The Death of the United Kingdom

The UK was killed not by the IndyRef, it was instead killed by David Cameron, and that is oddly the thing that makes me really conflicted. I can't even get the satisfaction of him resiging, because it means that my view point lost, and he has condemned us all. Cameron announced the Euro Referendum as a way to placate a back bench rise of MPs, to try and calm the storm of UKIP and prevent the defection of the people in his party that he didn't agree with. He probably didn't expect to get the majority last year, never mind actually having to posit the referendum. 

There is a certain type of person who calls a referendum and then doesn't appear to actually understand that the side he doesn't support might win. This is the second time in two years he has done so; and both times he's really struggled to grasp the control of the narrative back. Cameron is that kind of person.

The UK was killed by simple party-politics.

I used that emotive language because the United part of the UK is probably not accurate anymore. 

Scotland voted in 2014 to remain in the UK, but a major part of the agreement was that the UK would stay as part of the EU. In fact, that is proved by the pro-Union side saying that the only way of being in the EU was to vote No back in 2014, and saying that if we voted Yes we'd have to apply for membership, lose the pound, join the Euro, and the rest of the issue with the EU membership. I have friends who campaigned on that basis. Today, now, they face the prospect of being taken out of the EU because another nation voted for it. That is simply not on.

The idea that people who were staunch No voters changing sides has happened since the day after the IndyRef, the moment that the UK Government decided that the best way to deal with the Scots was to enact better provisions for the English. That caused the SNP Surge in membership, and returned 56 SNP MPs to Westminster in 2015. Now, in 2016, another shift has happened - Scotland didn't waver on the vote. 100% of the country voted to Remain an EU nation, and that makes leaving pretty undemocratic.

There are arguments that we made this decision as part of the UK, because we in 2014 chose to remain in the UK then, but the terms of that were under the agreement that we would 100% be part of the EU. Now we are not, and that's enough to make almost all of my No voting friends seriously consider their position now that that is the reality of the situation. 

Northern Ireland is even more complicated, because it would become a border with the EU no matter what happens. There was so much talk of the border between England and Scotland being closed if Yes won out in 2014, with scoffs at the idea of the border being enforced, but now we have the reality of the border between Ireland and Northern Ireland probably having to be a policed border because Ireland, as part of the EU, have to prevent people entering it. There is a realisation that people in the UK might want to hop over the border in the other direction and the EU and Ireland have to have a border there. It's part of the EU rules. So now we have an actual land border that is almost required. The idea that the UK would get to decide if there would be a border is ridiculous. Sure, we could say "No border!" and the EU say "Well, we want a border" and that would be that. The current land borders with the EU are policed, and it would take some negotiation to stop that from happening.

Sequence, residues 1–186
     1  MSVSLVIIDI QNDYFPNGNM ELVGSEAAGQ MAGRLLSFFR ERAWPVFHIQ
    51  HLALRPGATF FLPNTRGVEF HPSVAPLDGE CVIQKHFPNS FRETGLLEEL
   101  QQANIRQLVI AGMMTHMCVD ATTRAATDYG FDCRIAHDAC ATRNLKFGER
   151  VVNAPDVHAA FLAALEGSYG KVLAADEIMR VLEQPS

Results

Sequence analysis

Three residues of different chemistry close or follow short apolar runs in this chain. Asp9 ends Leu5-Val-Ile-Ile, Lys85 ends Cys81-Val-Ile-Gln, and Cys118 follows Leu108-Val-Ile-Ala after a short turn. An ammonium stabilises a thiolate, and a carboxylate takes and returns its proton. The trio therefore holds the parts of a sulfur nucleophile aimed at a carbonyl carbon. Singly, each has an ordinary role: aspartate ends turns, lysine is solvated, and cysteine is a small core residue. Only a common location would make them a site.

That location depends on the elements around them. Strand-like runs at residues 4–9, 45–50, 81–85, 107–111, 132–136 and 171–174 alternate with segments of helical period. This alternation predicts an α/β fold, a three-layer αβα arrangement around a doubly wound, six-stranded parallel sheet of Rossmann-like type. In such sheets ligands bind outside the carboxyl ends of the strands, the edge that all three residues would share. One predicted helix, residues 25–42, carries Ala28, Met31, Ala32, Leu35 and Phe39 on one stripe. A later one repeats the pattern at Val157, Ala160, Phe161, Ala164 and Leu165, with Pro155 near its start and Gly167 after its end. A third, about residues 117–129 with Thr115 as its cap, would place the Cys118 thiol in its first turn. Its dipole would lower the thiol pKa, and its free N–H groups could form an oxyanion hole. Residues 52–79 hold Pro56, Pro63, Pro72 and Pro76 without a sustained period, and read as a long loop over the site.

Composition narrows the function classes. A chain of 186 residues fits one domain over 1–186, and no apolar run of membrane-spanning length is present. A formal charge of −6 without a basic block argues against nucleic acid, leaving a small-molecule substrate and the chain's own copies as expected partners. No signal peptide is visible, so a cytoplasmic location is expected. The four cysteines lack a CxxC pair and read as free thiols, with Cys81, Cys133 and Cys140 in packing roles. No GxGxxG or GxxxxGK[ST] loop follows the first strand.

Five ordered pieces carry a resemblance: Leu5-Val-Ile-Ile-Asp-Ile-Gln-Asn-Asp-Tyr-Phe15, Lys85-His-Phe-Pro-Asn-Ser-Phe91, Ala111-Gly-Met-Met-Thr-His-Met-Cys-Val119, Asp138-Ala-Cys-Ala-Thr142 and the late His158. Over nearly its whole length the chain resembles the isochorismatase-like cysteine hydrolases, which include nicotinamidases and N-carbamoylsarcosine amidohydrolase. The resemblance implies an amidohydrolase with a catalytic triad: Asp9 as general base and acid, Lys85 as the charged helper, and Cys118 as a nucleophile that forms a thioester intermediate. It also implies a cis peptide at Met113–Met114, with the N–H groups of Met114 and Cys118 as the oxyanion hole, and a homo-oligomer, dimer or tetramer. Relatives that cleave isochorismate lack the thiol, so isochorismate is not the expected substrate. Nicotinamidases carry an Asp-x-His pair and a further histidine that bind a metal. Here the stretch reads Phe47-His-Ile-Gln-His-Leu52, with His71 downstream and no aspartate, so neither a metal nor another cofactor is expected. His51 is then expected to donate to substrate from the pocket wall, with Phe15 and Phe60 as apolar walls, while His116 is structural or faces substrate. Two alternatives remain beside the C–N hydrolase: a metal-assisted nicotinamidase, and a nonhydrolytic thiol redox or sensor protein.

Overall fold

Or you could say that the free movement of people is still going to exist - "so then what was the point in the referendum?" some will ask, because there is a large proportion of the populace that will have voted to "Take Back Control" of their borders.

England and Wales have decided to leave. Scotland and Northern Ireland have decided to remain. For all the talk Cameron did during the IndyRef of maintaining the Union he has managed in one quick move to undercut that entire process, and in turn Un-unify the UK. The United Kingdom of Great Britain and Northern Ireland is no longer united. Maybe, for a long time, it hasn't been. Now we formally know.

Either Scotland stays a member of the EU inside the UK somehow (maybe in a Denmark-Greenland style agreement) or it goes it alone outside of the UK but inside the EU, either applying for a new membership, getting some dispensation for already being a member, or just maintaining the UK membership but with changes to the treaties. Northern Ireland might just join Ireland again, to stay in. Or maybe it'll want to join the new United Kingdom of the Northern British Isles with Scotland, and join the EU. 

There is another option, rightly put forward by the Economist - maybe Wales and England vote for Independence from the UK, leaving the EU, and leaving behind Scotland and Northern Ireland. Personally, I thought that would happen prior to the vote when I was sure Wales wouldn't vote to leave. That isn't what happened, but the reality is interesting.

Or maybe this was all just an ideological coup by the Leavers who have no intention of following through on their promises. I know what that feels like.